Time to cut.
Yes, now that my plants are finally growing I am whacking on them, otherwise known as taking cuttings. And as you may recall this is the Year of the Clematis, so those vines are the first to get it.
DISCLOSURE: I have never before in my whole life ever attempted to start clematis plants from cuttings.
So here I am writing about it, with zero experience, because it’s the time of year to take the cuttings and I didn’t want you to miss out on the drama, plus this whole effort is making me very nervous and I need support. (Perhaps you’ll try it too from peer pressure, just like in junior high.)
And now I am going to stop right here and totally appreciate the readers who might be real cutting experts out there, gardeners with razor sharp secateurs (those are scissors, I looked it up) and brand new jars of hormone powder and perhaps even with beautiful automatic heater/mister arrangements. But I don’t have any of those things so I will be using other things.
OK, moving on.
First you find a clematis with enough growth that it won’t be killed for the summer if you cut off a chunk.
I gathered from vast minutes of reading that you need a long enough piece of the vine that there is a sort of middle part, not just the little soft curly top bit. Then you sever it with whatever is playing the role of secateurs, in my case a pair of scissors.
Aren’t illustrations great? Just cut the vine to ribbons as shown above.
Next you dip the bottom end of the stem into hormone stuff, and it better be new, not some dumb hormone stuff you got three years ago when you were trying to propagate those lilacs. So, I dip the stem in my three-year-old hormone stuff…
I did get a little bit on me because I always get everything on me. (Once when I was painting a wall a total stranger told me I looked like a speckled chicken.)
Oh this is a great photo! It features my Tunnel Device for making a spacious hole in the soil — and if you think the Tunnel Device looks like a tiny upside-down paintbrush that just shows that you don’t know about these special tools. The TD creates a nice little hole in the soil so that you can slide in the cutting without whisking off all the hormone powder. (Note: yes I know the hormone powder is so old that it is probably useless but if you have no respect for ritual then there is just no helping you.)
I added some extra perlite to the potting soil so it will stay nice and moist because cuttings are seriously thwarted by drought.
You situate the little leaf node so it’s just peeky-peeky out of the soil and all the two-inch stem is down below.
Apparently roots can come barreling straight out of the stems of clematis cuttings, not like roses where the roots seem to like a nice leaf node from which to shyly sneak forth. (Some people do leave a leaf node on bottom of the clematis cuttings, but I belong to the no-node group until all the cuttings die, then I switch.)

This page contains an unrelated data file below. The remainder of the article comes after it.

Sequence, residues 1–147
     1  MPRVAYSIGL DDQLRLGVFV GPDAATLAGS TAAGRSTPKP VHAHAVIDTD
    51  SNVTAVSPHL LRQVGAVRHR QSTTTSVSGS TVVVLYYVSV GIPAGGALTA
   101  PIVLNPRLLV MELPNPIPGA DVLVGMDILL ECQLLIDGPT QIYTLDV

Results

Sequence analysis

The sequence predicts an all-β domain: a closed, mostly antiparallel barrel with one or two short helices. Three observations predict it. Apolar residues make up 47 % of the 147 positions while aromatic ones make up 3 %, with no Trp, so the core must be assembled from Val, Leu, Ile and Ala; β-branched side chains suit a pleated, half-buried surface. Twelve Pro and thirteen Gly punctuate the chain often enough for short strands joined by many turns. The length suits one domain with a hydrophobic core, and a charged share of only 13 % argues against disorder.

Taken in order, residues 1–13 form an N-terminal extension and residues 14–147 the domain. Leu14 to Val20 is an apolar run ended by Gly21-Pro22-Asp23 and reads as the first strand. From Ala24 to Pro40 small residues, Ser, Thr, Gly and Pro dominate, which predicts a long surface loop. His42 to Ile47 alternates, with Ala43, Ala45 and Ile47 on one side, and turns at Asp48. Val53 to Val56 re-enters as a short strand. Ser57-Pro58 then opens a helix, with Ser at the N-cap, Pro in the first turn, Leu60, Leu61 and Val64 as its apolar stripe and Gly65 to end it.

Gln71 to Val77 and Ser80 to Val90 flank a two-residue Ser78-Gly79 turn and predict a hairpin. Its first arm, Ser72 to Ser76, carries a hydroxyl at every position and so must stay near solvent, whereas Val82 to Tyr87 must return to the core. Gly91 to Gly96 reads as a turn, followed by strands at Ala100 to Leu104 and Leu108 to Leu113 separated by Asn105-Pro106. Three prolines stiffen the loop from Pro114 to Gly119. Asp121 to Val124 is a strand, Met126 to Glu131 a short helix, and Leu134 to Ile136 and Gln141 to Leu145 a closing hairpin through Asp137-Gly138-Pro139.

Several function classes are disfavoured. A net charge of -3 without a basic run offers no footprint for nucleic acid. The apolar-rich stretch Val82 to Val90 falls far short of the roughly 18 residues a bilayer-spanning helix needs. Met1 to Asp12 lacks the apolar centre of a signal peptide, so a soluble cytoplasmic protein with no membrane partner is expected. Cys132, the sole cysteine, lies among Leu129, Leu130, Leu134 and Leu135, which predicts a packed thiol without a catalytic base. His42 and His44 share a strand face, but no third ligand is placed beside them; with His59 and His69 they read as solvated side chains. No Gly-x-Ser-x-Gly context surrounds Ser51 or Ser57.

As a final gesture to show this little cutting exactly who is boss around here, or possibly to limit moisture loss etc etc, you snip its poor remaining leaves in the heartless fashion as shown in Figure A-54. (Don’t go feeling bad about it, it’s good for them, just like brandy is good for you. Trust me on this.)
(My goodness it is fun to put in those blue arrows, you should try it.)
Then, because I don’t have a mister arrangement (I do have a Mr. O, so I don’t mean that kind of mister arrangement, I mean the fog kind), I put a plastic bag over the pot to keep it mega-moist.
And a bamboo barbecue skewer goes in one corner to hold the bag up. (I have these bamboo skewers left from when I tried to grill what people call “kabobs” on my barbecue grill which is since known as “the food incinerator.”) And you nip a hole in the top of the bag to let in some air.
After a while the bag will get all misty inside, and this makes the cutting feel better like maybe it isn’t going to die. Then you put the whole ensemble in a bright but not sunny place and don’t let it get hugely hot or you’ll end up with steamed cutting for supper.
Now here is a very hopeful picture. This is a clematis cutting from one week ago and it is looking pretty darn possibly not dead. VERY hopeful.
The experienced people say it can take five to eight weeks to root clematis cuttings, and that you should probably grow the new plants with care for a year before kicking them out into the garden. I also learned that many commercial clematis plants are grafted onto some sturdy rootstock, like maybe a redwood tree or a saguaro cactus, but honestly people should have some faith in Mother Nature and relax.
I may have created too many clematis cuttings.
But the blooms are so pretty. And surely the cuttings will grow.